Book Review: “While We’re on the Topic”

I just finished reading Bill VanPatten’s newest book, While We’re on the Topic: BVP on Language, Acquisition, and Classroom Practice, and I thought I would write a review. The book is available on the ACTFL website.

For those who aren’t familiar with him, Bill VanPatten is a prominent researcher in the field of Second Language Acquisition. He is a Professor of Spanish and Second Language Studies at Michigan State University. He also hosts Tea with BVP, an online radio show/podcast for language teachers—which, by the way, is starting up again for their new season this Thursday!

I was expecting that the book might be mostly a repeat of what has been discussed on Tea with BVP (which I would have been totally fine with, since I am a big fan of the show!) And although the book does cover a lot of the same topics, there was also quite a bit of new information that has not been discussed in great detail on Tea with BVP. For example, there is an entire chapter on different types of focus on form—ways that teachers can attempt to “speed up” acquisition of grammatical forms. Although we know that we can’t alter the order of acquisition through explicit instruction and practice, some researchers think there might be ways that teachers can help their students to acquire certain forms more quickly. It should be noted, however, that in the discussion of the techniques of input enhancement and focus on form, BVP states: “It is not clear to what extent such events actually ‘speed up’ or ‘help’ acquisition” (p. 104). Research has not clearly proven the effectiveness of these techniques. Therefore, I don’t plan to focus too heavily on these techniques in my own classroom, though they are good to know about and keep in mind. (And some of these things just happen naturally in a classroom—for example, a focus on form often occurs when negotiating meaning during a conversation with students.) BVP also writes a little bit about processing instruction, the pedagogical intervention that he pioneered. I’m not planning on using processing instruction much in my own classroom anytime soon, mostly because I would like to learn more about it before using it and also because, as BVP himself says, the activities are quite difficult for teachers to design themselves. Nevertheless, it was interesting to learn a little more about it.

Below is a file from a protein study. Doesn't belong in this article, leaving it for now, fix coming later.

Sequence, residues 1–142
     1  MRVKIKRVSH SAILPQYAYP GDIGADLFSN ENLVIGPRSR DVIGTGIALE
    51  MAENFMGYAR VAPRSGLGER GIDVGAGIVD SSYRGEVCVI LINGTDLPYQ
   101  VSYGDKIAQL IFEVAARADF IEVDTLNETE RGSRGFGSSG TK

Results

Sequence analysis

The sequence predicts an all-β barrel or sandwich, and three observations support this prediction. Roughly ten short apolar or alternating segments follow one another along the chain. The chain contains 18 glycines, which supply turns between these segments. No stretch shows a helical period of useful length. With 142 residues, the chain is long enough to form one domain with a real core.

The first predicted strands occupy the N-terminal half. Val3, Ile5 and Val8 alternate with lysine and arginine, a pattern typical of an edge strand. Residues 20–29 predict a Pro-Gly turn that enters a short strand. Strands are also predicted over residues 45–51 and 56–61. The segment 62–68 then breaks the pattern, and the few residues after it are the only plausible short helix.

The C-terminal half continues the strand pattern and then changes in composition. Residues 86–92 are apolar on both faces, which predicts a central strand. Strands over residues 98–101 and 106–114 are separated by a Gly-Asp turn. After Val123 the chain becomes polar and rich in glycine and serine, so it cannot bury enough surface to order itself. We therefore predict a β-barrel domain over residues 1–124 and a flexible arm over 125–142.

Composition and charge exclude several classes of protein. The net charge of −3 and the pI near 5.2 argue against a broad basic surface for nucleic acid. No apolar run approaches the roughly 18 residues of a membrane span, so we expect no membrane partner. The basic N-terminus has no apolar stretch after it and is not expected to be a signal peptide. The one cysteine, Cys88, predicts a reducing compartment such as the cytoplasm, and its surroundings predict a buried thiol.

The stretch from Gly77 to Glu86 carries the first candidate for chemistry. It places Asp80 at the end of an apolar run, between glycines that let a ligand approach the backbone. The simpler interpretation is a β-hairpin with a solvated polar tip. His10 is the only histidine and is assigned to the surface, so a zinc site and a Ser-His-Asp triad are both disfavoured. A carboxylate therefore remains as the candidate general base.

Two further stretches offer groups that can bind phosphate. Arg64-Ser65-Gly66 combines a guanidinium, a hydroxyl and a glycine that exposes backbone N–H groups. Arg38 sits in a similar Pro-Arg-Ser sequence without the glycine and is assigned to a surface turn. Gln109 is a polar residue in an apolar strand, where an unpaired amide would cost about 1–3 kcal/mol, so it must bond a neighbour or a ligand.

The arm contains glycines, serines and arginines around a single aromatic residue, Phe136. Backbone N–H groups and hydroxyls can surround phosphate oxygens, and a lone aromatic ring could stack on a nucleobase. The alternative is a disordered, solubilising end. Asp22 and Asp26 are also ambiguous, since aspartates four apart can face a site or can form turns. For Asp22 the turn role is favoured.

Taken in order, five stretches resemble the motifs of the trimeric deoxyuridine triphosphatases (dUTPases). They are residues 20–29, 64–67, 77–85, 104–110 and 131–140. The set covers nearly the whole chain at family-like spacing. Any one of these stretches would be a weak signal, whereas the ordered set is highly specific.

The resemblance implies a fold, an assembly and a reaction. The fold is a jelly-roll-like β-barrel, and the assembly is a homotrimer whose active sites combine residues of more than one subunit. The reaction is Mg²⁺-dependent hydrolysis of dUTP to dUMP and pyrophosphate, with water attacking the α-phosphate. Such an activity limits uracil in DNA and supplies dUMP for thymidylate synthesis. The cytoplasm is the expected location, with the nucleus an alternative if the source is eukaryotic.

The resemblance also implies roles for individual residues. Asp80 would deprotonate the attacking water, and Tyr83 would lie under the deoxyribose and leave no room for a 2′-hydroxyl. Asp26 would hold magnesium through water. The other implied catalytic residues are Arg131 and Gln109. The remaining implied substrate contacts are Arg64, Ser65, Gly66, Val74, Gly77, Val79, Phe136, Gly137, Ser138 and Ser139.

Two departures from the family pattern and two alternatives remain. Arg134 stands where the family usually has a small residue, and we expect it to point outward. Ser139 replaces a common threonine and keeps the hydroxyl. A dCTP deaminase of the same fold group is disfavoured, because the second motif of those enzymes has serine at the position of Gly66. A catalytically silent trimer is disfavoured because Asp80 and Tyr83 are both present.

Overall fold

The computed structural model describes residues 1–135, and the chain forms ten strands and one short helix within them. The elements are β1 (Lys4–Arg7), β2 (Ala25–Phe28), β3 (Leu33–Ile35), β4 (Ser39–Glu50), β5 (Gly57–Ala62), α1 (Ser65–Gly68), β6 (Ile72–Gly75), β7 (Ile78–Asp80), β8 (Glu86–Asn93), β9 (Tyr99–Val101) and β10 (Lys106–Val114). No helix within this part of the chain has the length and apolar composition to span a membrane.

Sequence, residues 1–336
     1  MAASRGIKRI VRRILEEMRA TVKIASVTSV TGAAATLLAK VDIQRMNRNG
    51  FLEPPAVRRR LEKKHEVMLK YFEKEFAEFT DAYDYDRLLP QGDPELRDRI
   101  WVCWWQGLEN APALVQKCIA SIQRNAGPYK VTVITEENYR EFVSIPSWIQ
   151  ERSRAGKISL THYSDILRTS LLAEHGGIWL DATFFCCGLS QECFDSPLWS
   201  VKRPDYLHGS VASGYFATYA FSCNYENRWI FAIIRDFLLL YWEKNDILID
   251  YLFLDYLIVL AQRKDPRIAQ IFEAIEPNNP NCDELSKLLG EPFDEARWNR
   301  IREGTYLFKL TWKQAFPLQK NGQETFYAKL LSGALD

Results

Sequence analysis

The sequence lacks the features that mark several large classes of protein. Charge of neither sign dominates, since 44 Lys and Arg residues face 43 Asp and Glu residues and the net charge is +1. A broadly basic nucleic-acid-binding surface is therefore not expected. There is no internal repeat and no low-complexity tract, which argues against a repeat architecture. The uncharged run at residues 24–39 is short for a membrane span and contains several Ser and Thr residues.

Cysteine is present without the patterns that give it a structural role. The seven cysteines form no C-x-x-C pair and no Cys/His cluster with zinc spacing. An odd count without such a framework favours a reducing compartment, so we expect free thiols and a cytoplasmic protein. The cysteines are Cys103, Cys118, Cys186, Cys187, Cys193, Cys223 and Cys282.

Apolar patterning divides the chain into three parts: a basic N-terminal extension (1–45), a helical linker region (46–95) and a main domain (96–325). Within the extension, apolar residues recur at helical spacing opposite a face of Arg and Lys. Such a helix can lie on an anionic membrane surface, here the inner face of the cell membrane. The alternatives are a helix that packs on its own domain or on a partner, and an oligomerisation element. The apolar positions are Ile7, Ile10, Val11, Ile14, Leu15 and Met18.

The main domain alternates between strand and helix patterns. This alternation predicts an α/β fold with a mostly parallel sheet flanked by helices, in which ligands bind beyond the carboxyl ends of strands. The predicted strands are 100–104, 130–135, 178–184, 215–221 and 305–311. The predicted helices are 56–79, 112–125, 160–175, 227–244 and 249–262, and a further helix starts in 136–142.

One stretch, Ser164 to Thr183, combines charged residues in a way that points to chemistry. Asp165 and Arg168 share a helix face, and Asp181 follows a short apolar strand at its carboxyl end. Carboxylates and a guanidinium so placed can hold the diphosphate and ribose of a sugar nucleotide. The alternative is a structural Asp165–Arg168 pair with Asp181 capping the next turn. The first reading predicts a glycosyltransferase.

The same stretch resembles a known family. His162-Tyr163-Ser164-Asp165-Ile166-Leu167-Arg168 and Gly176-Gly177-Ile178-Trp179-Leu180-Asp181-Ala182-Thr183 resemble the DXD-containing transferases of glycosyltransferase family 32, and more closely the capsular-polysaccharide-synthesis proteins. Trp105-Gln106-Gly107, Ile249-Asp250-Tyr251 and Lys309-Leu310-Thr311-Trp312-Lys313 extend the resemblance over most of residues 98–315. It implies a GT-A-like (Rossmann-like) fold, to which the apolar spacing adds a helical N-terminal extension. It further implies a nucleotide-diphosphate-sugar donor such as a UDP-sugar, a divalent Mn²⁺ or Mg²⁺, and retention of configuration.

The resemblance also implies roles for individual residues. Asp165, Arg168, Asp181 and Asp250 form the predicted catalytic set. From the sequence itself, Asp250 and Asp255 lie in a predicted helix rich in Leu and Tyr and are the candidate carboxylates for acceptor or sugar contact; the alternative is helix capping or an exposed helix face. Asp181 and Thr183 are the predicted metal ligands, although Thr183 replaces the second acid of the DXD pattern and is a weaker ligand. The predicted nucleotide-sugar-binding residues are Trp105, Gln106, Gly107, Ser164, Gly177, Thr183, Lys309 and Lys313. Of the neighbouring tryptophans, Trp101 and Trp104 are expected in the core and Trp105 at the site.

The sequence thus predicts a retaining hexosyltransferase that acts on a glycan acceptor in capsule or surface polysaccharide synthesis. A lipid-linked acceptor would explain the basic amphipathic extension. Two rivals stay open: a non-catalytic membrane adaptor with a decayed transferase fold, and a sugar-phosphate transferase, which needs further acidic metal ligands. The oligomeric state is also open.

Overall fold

I also enjoyed the chapter on Tasks and the epilogue at the end of the book, which describes an hour-long class in which students complete a Task. I am intrigued by the idea of Tasks and would like to use them more in my own classroom—along with the other methods and techniques I already use, like TPRS, Story Listening, etc.—but I don’t yet have a firm grasp on how to design my own Tasks. I still feel like I need more examples and information on the topic, but the book did help me gain a better understanding of Tasks and how Tasks can focus on providing students with input (despite the common perception that Tasks require students to produce a lot of output).

All in all, While We’re on the Topic is an excellent book that gives teachers an overview of some of the important principles of second language acquisition and how they can apply those principles in the classroom. It is an informative and enjoyable read for teachers who are interested in bringing their classes more in line with what research shows are best practices for SLA. It provides clear, valuable information in a fun, conversational style, in which BVP’s sense of humor shines through. I highly recommend it for both new and veteran teachers.

4 thoughts on “Book Review: “While We’re on the Topic”

  1. This was a helpful review, Allison. Thanks for it.

    I read some of BVP’s resources in college and even taught out of his textbook “Sol Y Viento” at the univ level. I have incorporated a lot of tasks into my teaching that I can share with you. I’m not sure what exactly he says about tasks in this new book of his, but I have found them easy to put together. I did have his textbook as a model to go off of, though.

    I will admit that I’m having a hard time reconciling a lot of what he says about tasks with what he says about the nature of input. I had a little tweet conversation about it which you can find here –


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